3-4 Weeks
Dr. Boogie Presents Heavy Jelly: Essential Instrumentals

SR 292CD SR 292CD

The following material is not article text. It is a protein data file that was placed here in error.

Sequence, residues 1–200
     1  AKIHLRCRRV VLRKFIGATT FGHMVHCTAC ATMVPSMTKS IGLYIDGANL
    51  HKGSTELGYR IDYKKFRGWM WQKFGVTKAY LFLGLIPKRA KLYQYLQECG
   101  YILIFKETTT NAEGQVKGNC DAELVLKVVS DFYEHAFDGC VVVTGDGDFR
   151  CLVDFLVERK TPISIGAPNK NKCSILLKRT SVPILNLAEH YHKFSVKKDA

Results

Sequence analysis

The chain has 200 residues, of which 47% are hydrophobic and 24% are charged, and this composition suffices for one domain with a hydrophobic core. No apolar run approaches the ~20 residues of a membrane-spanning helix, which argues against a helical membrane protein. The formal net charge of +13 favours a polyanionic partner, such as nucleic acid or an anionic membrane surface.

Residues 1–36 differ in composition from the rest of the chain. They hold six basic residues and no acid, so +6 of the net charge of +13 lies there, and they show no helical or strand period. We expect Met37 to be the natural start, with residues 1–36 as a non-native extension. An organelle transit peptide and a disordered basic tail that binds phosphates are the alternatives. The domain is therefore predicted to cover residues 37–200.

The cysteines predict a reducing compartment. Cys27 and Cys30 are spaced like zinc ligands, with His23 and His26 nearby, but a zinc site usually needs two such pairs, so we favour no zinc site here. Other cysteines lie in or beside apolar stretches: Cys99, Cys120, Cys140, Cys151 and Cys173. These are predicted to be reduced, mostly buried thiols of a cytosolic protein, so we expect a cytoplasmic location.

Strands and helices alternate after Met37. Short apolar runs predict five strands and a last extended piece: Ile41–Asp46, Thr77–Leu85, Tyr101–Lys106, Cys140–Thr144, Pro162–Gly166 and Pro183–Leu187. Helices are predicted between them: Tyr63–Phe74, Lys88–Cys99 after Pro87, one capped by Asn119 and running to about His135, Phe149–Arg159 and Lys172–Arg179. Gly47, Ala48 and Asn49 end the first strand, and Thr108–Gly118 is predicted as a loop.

This is the fifth volume in Sub Rosa's collection devoted to rare and lost recordings from the '20s to the '60s, following Dr. Boogie Presents Rarities from the Bob Hite Vaults (SR 271CD/LP), Oh, Run Into Me, But Don't Hurt Me! Female Blues Singers -- Rarities 1923-1930 (SR 268CD/LP), Shim Sham Shimmy (SR 279CD/LP), and Dr. Boogie Presents 26 Deranged And Smokin' Cool Cats (SR 286CD/LP). This time around, musicologist and radio personality Walter De Paduwa aka Dr. Boogie has assembled a collection of hot-shot instrumentals culled from the original 45s -- tunes mainly dominated by a sax and organ, and always backed by a strong rhythm section. The first half of the '60s was a perfect test ground for whoever wanted to make a record for a fistful of dollars. The 45 rpm was king, and among the other genres of the day, instrumentals occupied a sizeable chunk of production. The best-known instrumentals came from California in the late '50s, thanks to the surfers who quickly adopted a new guitar sound from Texas. Simultaneously, all over the United States bands started recording lots of diverse and surprising instrumental tracks. They did so for various reasons: lack of a good singer, as filler for a B-side, or for a shot at the charts with a different, jukebox-ready mix of an already-released song. The mark of a good instrumental was often a gimmick, i.e. that little something -- a riff, an intro, a repetitive chord -- that would act as the piece's signature item. The tracks here were shamelessly designed for no other reason than to fill up the dancefloor, to great effect.